(Phys.org) —Susanne Shultz and Mark Maslin of Britain's University of Manchester and University College respectively have published a paper in the journal PLOS ONE, outlining what they call a pulsed climate variability hypothesis. They suggest that early man developed a huge brain to deal with the constantly changing environment of the Great Rift Valley in Eastern Africa, during the formative years of human evolution.
Prior research has found that the Great Rift Valley has experienced great changes over the past couple of million years. Because of its unique geography, the area has been particularly sensitive to changes in temperature and rainfall amounts. During periods of abundant rainfall, huge lakes formed along with lush vegetation—times of less rain saw lakes dry up and deserts creep in making life difficult for those that lived in the area. Shultz and Maslin suggest it was the severe changes in the local environment that tested the brains of the creatures that would eventually evolve to become modern man, causing an increase in size and complexity.
To find out if they were on to something, the two researchers studied data obtained through years of research on the evolution of our planet, focusing specifically on East Africa. They found that wet and dry times in the Great Rift Valley could be marked on a timeline which could be compared with similar timelines created by those that study the evolution of man. In so doing, they found what appeared to be a correlation—brain size seemed to grow during times of change, apparently, as a means of adapting to changing circumstances. More specifically, they found that hominin diversity appeared to peak in the valley just under two million years ago, a period of time that coincides with very large lake size. It also marked the first known appearance of the class of hominins known as Homo, most notably Homo erectus. Similar changes in human evolution were found to align with periods of change in the valley that eventually led to our human ancestors leaving the valley altogether, heading both north and south, presumably, looking for a more stable environment.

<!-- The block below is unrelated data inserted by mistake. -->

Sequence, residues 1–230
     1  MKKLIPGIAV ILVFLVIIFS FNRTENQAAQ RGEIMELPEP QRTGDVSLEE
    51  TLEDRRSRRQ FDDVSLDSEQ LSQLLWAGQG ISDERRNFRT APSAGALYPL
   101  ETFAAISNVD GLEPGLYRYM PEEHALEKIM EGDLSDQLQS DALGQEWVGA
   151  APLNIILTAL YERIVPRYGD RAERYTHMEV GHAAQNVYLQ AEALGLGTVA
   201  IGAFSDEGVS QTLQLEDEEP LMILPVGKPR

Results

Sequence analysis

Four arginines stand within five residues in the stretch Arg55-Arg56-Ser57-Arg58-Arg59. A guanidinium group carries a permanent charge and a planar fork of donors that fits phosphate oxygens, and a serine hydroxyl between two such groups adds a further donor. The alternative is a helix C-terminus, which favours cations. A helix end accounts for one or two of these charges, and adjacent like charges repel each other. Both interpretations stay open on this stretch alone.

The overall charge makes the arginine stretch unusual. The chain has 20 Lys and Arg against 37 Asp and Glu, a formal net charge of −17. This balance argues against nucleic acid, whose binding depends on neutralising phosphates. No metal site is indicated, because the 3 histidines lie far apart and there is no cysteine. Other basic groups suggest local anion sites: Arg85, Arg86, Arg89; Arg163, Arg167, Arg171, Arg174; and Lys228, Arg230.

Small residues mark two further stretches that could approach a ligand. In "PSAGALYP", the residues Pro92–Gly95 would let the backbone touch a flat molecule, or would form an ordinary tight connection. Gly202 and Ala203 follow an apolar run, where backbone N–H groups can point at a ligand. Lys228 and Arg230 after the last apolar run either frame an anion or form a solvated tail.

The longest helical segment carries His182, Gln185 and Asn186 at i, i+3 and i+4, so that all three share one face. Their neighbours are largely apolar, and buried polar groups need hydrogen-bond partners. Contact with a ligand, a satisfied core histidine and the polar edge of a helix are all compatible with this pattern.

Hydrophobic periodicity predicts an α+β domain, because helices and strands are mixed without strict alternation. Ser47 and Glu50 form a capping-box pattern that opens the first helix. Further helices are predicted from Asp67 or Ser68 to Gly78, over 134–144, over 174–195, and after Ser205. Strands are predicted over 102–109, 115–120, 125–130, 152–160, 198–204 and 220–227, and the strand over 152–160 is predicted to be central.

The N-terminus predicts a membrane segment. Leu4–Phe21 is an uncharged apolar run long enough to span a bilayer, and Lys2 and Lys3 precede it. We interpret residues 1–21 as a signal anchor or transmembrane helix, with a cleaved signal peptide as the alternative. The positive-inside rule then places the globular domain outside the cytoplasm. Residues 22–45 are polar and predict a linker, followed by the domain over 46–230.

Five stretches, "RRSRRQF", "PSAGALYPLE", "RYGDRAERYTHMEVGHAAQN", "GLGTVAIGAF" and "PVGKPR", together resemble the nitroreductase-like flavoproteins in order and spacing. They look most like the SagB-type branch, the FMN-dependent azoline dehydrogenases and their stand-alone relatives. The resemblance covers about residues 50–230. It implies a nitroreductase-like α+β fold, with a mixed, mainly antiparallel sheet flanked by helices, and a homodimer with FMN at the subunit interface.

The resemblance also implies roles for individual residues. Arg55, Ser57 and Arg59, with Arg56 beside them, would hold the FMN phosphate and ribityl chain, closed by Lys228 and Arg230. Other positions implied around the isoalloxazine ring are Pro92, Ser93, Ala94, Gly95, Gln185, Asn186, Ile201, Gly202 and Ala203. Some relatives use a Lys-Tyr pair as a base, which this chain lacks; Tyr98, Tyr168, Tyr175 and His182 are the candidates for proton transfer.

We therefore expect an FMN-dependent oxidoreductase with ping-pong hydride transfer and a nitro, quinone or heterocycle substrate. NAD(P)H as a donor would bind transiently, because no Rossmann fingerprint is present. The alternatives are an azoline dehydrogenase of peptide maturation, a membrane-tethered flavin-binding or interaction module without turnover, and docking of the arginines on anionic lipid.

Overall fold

To bolster their theory, Shultz and Maslin next plan to focus on other animals that lived in the valley during roughly the same period as our human ancestors to see if they too experienced dramatic spurts of evolutionary growth.
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More information: Shultz S, Maslin M (2013) Early Human Speciation, Brain Expansion and Dispersal Influenced by African Climate Pulses. PLoS ONE 8(10): e76750. DOI: 10.1371/journal.pone.0076750
Early human evolution is characterised by pulsed speciation and dispersal events that cannot be explained fully by global or continental paleoclimate records. We propose that the collated record of ephemeral East African Rift System (EARS) lakes could be a proxy for the regional paleoclimate conditions experienced by early hominins. Here we show that the presence of these lakes is associated with low levels of dust deposition in both West African and Mediterranean records, but is not associated with long-term global cooling and aridification of East Africa. Hominin expansion and diversification seem to be associated with climate pulses characterized by the precession-forced appearance and disappearance of deep EARS lakes. The most profound period for hominin evolution occurs at about 1.9 Ma; with the highest recorded diversity of hominin species, the appearance of Homo (sensu stricto) and major dispersal events out of East Africa into Eurasia. During this period, ephemeral deep-freshwater lakes appeared along the whole length of the EARS, fundamentally changing the local environment. The relationship between the local environment and hominin brain expansion is less clear. The major step-wise expansion in brain size around 1.9 Ma when Homo appeared was coeval with the occurrence of ephemeral deep lakes. Subsequent incremental increases in brain size are associated with dry periods with few if any lakes. Plio-Pleistocene East African climate pulses as evinced by the paleo-lake records seem, therefore, fundamental to hominin speciation, encephalisation and migration.